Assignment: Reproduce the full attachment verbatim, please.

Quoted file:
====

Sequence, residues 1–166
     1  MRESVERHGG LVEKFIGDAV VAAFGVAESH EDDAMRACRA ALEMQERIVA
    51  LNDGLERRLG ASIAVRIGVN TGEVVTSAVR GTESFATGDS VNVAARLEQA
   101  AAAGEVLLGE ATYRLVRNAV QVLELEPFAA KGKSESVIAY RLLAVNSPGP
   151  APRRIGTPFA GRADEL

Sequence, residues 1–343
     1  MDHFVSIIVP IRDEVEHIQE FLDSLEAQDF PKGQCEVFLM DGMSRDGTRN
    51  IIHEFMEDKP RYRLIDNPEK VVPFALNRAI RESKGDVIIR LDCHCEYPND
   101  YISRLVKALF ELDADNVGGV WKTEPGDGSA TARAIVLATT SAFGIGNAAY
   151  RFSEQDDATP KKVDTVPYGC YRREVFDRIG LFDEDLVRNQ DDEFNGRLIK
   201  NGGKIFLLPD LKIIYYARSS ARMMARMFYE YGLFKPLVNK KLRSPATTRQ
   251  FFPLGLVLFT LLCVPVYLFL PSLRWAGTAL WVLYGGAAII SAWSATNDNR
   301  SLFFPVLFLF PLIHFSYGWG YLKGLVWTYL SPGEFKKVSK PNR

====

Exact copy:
Sequence, residues 1–166
     1  MRESVERHGG LVEKFIGDAV VAAFGVAESH EDDAMRACRA ALEMQERIVA
    51  LNDGLERRLG ASIAVRIGVN TGEVVTSAVR GTESFATGDS VNVAARLEQA
   101  AAAGEVLLGE ATYRLVRNAV QVLELEPFAA KGKSESVIAY RLLAVNSPGP
   151  APRRIGTPFA GRADEL

Sequence, residues 1–343
     1  MDHFVSIIVP IRDEVEHIQE FLDSLEAQDF PKGQCEVFLM DGMSRDGTRN
    51  IIHEFMEDKP RYRLIDNPEK VVPFALNRAI RESKGDVIIR LDCHCEYPND
   101  YISRLVKALF ELDADNVGGV WKTEPGDGSA TARAIVLATT SAFGIGNAAY
   151  RFSEQDDATP KKVDTVPYGC YRREVFDRIG LFDEDLVRNQ DDEFNGRLIK
   201  NGGKIFLLPD LKIIYYARSS ARMMARMFYE YGLFKPLVNK KLRSPATTRQ
   251  FFPLGLVLFT LLCVPVYLFL PSLRWAGTAL WVLYGGAAII SAWSATNDNR
   301  SLFFPVLFLF PLIHFSYGWG YLKGLVWTYL SPGEFKKVSK PNR